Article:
The Gambian giant pouched rat (Cricetomys gambianus), which are native to a large area of central and southern Africa, accidentally became established in the Florida Keys in 1999 following an escape or release by a pet breeder. If this invasive species reaches the US mainland, there could be extensive damage to the Florida fruit industry. This species also poses a risk of monkeypox and other diseases. The Gambian giant pouched rat is the subject of a cooperative partnership among WS, the Florida Fish and Wildlife Conservation Commission, US Fish and Wildlife Service, South Florida Water Management District, and the Florida Park Service, to eradicate the invasive species from the Florida Keys.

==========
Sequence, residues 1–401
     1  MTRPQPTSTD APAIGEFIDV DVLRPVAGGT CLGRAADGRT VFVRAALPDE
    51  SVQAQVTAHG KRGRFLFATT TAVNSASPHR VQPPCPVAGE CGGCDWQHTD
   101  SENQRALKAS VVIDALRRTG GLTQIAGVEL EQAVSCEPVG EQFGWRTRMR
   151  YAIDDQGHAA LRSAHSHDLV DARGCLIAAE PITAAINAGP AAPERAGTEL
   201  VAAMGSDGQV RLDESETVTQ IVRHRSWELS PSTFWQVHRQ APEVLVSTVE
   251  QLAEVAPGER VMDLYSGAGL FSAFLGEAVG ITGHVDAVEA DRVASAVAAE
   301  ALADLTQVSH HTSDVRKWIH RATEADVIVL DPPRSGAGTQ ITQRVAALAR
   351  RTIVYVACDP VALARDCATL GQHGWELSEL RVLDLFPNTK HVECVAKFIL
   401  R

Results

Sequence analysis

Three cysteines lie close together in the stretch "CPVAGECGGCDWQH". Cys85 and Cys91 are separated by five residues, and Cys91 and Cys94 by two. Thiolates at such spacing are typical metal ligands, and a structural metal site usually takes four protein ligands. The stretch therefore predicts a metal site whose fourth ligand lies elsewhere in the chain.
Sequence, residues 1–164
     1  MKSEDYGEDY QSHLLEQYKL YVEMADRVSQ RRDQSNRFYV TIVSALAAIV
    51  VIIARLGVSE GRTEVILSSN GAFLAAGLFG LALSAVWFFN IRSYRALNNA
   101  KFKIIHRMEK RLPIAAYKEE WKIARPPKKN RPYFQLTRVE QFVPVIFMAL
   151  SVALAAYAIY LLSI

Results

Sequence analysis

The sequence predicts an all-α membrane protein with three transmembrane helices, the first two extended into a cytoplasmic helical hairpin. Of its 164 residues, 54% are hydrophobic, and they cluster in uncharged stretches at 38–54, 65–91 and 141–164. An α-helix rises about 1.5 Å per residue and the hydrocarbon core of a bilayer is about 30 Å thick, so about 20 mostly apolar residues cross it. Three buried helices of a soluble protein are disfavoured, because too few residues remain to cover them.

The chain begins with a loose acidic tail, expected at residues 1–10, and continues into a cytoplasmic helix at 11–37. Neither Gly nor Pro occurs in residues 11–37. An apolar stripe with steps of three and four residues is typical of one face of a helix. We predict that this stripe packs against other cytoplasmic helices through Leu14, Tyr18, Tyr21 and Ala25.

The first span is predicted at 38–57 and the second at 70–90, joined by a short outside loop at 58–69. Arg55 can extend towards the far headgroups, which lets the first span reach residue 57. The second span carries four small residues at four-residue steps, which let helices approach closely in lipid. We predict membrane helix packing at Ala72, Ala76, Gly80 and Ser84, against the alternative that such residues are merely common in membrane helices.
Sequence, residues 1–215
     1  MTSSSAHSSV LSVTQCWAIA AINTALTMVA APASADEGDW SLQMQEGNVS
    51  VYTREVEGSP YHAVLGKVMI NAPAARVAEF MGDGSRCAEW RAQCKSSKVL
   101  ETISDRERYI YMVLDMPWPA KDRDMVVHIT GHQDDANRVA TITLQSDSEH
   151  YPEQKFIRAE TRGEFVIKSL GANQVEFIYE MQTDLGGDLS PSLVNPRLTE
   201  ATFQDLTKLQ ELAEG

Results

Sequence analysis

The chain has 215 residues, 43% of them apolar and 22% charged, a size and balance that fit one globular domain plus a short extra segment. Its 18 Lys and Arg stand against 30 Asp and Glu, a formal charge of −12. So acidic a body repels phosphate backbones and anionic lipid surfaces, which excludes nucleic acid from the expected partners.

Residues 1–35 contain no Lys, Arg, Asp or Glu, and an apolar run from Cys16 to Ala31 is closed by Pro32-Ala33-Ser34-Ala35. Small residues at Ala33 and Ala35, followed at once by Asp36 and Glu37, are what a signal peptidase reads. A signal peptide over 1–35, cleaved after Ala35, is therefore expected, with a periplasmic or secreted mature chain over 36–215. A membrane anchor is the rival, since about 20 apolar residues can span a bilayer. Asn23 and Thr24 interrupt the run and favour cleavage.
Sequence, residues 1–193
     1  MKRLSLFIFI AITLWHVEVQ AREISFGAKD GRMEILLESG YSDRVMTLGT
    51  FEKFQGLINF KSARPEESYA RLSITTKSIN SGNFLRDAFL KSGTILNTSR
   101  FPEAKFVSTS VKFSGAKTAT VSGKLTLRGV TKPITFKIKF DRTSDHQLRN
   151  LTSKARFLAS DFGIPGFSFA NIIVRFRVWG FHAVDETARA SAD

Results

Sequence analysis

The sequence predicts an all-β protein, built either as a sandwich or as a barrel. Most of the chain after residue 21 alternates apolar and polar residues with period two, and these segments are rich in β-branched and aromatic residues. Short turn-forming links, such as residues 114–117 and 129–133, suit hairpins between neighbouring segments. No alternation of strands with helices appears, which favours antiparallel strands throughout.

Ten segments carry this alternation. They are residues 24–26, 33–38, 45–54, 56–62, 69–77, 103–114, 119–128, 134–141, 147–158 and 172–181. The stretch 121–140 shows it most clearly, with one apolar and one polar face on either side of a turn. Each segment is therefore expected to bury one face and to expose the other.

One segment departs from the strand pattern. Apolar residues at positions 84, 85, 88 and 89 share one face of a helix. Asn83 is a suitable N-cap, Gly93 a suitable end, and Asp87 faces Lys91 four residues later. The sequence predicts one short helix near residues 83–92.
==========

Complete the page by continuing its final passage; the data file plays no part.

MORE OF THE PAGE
The Gambian giant pouched rat is an invasive species that occurs in the Florida Keys.
A range expansion of Gambian giant pouched rats onto the US mainland could harm other wildlife species and agricultural production.
Federal agencies’ responsibilities to control Gambian giant pouched rats are established in Executive Order 13112.
Wildlife Services’ National Wildlife Research Center conducts research and investigational activities on a wide variety of wildlife damage issues including those related to Gambian giant pouched rats.